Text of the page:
Authors Namiki Gohei III (lyrics)
Kineya Rokur˘ IV (music)
Nishikawa Senz˘ (choreography)

The dance-drama "Kanjinch˘" was performed for the first time in the 3rd lunar month of 1840 at the Kawarasakiza. The 3 leading roles of Benkei, Togashi and Yoshitsune were played by Ichikawa Ebiz˘ V, Ichikawa Kuz˘ II and Ichikawa Danjűr˘ VIII.

Key words Ataka
Kabuki Jűhachiban
Minamoto Yoritomo
Minamoto Yoshitsune

Togachi Saemon, an intelligent, well-educated aristocrat, appears accompanied by his men and explains that he is the guardian of the barrier and enjoins his men to be vigilant in their attempt to intercept Minamoto Yoshitsune and his party, who are believed to be fleeing north disguised as wandering priests.

While the musicians are singing a song, Yoshitsune enters, followed by four retainers. He is dressed as a porter with a wide straw hat and carries a load on his back. When the party arrives at the barrier, Benkei, an ex-priest, announces to the guards that they are priests wishing to pass the barrier. He goes on to say that they have been sent to collect funds for the restoration of T˘daiji Temple at Nara, and are touring the northern districts. But Togashi and his soldiers reply that the party may not pass unless they can prove themselves to be genuine priests. Togashi asks Benkei, since they claim to be collecting funds, if he has a kanjinch˘ or list of contributors. Benkei is rather taken aback by this request. And Benkei's momentary confusion confirms Togashi's suspicions. Benkei, of course, has no kanjinch˘. But he goes to the back of the stage and returns with a blank scroll, which he unwinds and begins reading aloud. Togashi deliberately advances towards him. When he suddenly starts forward and glances at the scroll, Benkei realizes that Togashi has seen that there is nothing written on it. Although Togashi says nothing, he knows for certain now that the scroll is a fake. Nevertheless he appreciates Benkei's courageous ingenuity and is prepared to let him go on with the deception. Togashi asks Benkei about the costume and equipment of a priest and the meaning of some difficult Buddhist terms. Benkei answers all these questions correctly.

Togashi is very impressed by Benkei's display of knowledge, and says there is no longer any suspicion. He thanks Benkei for having given him the chance to come into contact with Buddhism and asks to make his own offering to the fund. Just as Benkei's party is about to go through the barrier, however, one of Togashi's soldiers calls his attention to the porter in the rear, saying the porter resembles Yoshitsune. Togashi can't ignore this. Benkei tries to prove that the porter is not Yoshitsune, but in vain. Benkei then pretends to be angry and beats Yoshitsune bitterly, declaring that if he is suspect, Togashi is welcome to detain him. Togashi is sure that the porter is Yoshitsune, yet as he watches Benkei beat his master, he realizes deeply what a predicament it must be for his loyalty. When Benkei offers to beat him to death, if necessary, Togashi begs him to restrain himself.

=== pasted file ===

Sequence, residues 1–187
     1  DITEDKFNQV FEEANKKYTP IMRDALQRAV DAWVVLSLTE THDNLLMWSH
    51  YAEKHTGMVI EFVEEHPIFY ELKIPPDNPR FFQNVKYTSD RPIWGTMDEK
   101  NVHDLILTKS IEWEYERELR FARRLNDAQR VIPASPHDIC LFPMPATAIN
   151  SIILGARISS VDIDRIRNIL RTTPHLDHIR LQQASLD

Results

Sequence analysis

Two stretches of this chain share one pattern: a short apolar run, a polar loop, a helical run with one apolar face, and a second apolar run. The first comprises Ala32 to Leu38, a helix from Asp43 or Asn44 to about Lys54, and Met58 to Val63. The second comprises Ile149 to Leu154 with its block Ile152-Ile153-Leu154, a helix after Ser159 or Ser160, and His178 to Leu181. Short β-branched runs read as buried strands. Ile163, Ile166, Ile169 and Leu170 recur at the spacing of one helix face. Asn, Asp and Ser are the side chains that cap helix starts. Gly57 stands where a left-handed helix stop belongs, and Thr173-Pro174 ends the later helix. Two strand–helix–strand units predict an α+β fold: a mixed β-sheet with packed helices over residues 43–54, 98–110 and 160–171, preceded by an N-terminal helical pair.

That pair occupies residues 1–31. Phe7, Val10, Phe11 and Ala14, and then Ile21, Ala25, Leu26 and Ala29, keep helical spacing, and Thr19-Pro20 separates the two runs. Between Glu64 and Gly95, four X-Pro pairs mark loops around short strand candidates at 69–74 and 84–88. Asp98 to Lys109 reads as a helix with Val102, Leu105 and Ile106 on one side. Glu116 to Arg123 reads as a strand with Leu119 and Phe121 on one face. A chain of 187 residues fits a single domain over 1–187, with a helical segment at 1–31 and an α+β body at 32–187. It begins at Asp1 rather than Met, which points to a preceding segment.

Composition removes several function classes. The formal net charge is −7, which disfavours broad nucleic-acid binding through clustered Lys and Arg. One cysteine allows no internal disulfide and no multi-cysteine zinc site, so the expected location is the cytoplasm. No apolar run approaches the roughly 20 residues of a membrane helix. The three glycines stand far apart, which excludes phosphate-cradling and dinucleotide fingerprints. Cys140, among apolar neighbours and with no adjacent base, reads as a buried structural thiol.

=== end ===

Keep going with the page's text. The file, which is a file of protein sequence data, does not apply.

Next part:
The crisis over, Benkei's party goes on with their journey. Once out of sight, Yoshitsune thanks Benkei for saving his life and the retainers extol Benkei's courage and resourcefulness. Benkei, however, apologizes for beating his master. He says he would rather die than beat his master, on whom he sets a higher value than his own life. Finally, for the first time in his life, Benkei bursts into tears.

This summary has been written by Watanabe Hisao and edited by Jeff Blair [website]


"Kanjinch˘", which is derived from the classical drama "Ataka", is the most popular play of the current Kabuki repertoire. It belongs to the Kabuki Jűhachiban collection and to the guilds Naritaya and K˘raiya. The two best performers of the great role of Benkei are Matsumoto K˘shir˘ and Ichikawa Danjűr˘.

"The role of Benkei is one of the most famed in the Kabuki repertory. It demands a big voice and presence, skill as a dancer, and an ability to invest a typical anti-heros with nobility and earthiness" (from an article written by Jennifer Dunning for the New York Times in July 1982, referring to the Summer 1982 Kabuki tour in the US with Nakamura Tomijűr˘ in the role of Benkei)

The actors Ichikawa Danjűr˘ IX and Ichikawa Sadanji I playing the roles of Benkei and Togashi in the dance-drama "Kanjinch˘", performed in October 1875 at the Nakamuraza (print made by Toyohara Kunichika)
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